I’m just back from a bike ride. I say ride but it was more of a slow death. We all have them, right? Those days when, however far you’re heading or however much you tell yourself things will improve, they just don’t. The Rapha Cycling Club slogan - glory through suffering - famously lauds this fact. But sometimes Ex Duris Gloria just doesn’t apply.
To understand the pain at the finish it is necessary to go back to the start. This day of inglorious suffering was my fault entirely. While trying to find a coffee shop on Google Maps in my home city of Manchester, my eye was caught by the name of a suburb I’d never heard of. Bradford.
My interest was immediately piqued because a good friend – also called Tom – lives in Bradford. Proper Bradford. The one people – in the UK anyway – have heard of. The one in Yorkshire, just west of Leeds. And with that, a message was sent and a plan was hatched for an entirely pointless point-to-point, A-B ride, from B-B. Bradford, Manchester to Bradford, Bradford.
Tom is a self-confessed yes-man. Not in a pushover sort of way but more a Short Walk in the Hindu Kush sort of way.
The exchange went something like this:
Me: “Fancy riding Bradford-Bradford in March?”
Tom: “Of course, Tom.”
Suggesting anything outdoors whether on two feet or two wheels, if Tom’s free, he’s in.
- Partly because he’s an outdoors photographer and writer who counts such things as work.
- Partly because he believes in the power of saying yes.
- Partly because he’s super fit and can handle just about anything on two wheels or two feet.
This list is both a gift and a curse.
Points 1 and 2 are joyous. We unequivocally all need friends like this.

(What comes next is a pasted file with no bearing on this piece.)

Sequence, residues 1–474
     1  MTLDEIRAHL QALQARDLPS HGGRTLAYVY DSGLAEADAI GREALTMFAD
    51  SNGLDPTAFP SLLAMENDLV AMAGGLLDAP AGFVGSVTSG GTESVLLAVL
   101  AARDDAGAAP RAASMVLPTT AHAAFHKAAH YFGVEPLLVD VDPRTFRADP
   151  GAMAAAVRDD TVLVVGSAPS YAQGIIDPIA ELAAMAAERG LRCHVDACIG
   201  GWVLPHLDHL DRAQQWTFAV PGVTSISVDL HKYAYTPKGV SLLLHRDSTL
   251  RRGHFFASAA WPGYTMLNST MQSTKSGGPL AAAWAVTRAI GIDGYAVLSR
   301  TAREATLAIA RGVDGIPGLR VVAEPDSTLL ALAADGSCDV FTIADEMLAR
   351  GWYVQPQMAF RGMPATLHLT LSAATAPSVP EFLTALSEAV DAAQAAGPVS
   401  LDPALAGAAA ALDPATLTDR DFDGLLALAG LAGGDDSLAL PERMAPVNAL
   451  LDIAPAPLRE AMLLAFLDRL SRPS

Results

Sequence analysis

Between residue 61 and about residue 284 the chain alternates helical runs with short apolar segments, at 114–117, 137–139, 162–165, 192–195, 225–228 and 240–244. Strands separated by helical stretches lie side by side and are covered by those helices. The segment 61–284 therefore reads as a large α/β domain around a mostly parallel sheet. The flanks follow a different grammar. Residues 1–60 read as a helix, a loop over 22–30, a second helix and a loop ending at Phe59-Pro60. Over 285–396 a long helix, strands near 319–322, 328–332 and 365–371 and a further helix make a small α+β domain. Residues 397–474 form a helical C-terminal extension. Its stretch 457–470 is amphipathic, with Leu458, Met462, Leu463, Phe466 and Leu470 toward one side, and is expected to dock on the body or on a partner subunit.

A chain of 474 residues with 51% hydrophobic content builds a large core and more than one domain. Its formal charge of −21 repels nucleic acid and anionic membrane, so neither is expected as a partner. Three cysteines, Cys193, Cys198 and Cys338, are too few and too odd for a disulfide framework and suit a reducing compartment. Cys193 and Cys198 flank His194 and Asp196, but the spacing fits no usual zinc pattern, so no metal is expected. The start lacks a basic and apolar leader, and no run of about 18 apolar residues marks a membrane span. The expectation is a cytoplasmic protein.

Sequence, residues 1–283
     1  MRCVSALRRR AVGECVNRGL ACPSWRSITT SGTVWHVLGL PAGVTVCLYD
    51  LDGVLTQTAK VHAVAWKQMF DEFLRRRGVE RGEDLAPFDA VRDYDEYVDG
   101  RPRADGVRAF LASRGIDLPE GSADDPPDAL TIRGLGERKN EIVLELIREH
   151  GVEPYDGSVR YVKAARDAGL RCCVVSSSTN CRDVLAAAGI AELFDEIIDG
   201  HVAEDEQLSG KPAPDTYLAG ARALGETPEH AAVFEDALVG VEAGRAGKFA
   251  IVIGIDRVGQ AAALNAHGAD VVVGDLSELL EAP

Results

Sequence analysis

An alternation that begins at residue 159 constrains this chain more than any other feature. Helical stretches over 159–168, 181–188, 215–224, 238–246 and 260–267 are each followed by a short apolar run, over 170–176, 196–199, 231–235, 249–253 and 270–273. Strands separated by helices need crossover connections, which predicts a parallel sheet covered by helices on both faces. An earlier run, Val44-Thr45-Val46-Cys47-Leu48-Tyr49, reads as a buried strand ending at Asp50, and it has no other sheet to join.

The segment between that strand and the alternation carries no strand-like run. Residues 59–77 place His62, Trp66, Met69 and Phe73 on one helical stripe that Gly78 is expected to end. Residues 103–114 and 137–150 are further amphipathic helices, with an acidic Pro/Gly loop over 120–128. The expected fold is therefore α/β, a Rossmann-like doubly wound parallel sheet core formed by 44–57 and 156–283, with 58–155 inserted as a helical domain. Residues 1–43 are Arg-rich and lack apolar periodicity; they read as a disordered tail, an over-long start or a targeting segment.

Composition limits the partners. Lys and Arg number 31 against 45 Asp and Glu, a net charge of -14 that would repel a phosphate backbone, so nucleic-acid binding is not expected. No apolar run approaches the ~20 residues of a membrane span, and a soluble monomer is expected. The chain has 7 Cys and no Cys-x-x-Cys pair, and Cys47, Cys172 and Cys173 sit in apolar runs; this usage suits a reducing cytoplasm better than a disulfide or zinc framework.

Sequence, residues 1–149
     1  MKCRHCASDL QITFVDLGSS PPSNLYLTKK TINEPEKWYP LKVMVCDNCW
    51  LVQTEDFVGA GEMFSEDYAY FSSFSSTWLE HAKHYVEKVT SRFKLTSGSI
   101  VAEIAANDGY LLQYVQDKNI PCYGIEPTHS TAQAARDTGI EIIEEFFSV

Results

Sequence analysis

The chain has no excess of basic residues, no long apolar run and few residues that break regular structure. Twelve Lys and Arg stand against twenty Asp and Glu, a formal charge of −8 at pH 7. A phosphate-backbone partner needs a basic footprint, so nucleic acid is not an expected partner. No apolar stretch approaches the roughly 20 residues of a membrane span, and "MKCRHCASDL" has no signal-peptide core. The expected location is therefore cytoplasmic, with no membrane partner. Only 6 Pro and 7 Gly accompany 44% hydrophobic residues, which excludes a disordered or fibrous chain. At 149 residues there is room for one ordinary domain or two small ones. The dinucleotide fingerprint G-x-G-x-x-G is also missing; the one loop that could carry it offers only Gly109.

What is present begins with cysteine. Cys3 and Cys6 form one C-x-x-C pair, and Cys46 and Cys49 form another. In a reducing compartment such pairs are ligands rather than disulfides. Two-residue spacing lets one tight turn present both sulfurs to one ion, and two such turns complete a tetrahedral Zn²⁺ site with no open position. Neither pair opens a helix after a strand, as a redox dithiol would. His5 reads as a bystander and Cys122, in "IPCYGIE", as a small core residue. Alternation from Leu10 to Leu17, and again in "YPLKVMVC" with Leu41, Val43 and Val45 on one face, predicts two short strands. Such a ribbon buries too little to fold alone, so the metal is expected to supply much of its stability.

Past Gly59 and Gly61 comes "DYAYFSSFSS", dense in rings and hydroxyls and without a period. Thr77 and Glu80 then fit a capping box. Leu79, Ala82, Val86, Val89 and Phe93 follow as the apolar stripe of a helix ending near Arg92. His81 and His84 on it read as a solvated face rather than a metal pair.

Point 3? More nuanced.
On good days, on good legs, a super fit friend is a motivator-deluxe.
On the bad days when you barely lay eyes on their face for hours on end they become part super-domestique, part super-tormentor.
When all you see is their calves, pedal stroke technique and bib short derriere logos, the super-fit friend is a more complex relationship.
You love them for their endless capacity to take the wind and hand you sweets, yet there’s a part of you that loathes how easy they make it look.
The cycle becomes a cycle.
You try stopping for a bag of chips. The salty goodness helps but the pause is only a stay of execution. Soon you’re going up again. The canal paths have made way for chunky bridleways and singletrack. It’s beautiful and there should be glory in this suffering. But alas, not today.
In the end, this love-hate meeting of mates comes to an end.
After seven hours of riding across the Pennines, linguistically we were back to where we started.
Physically? We were diametrically opposed.
One of us looking like he’d ridden nowhere.
The other like he had nothing else to draw on. No reserves left.
And with that, our shared story of glory in suffering splutters over its finish line.
The same names but in a completely different place.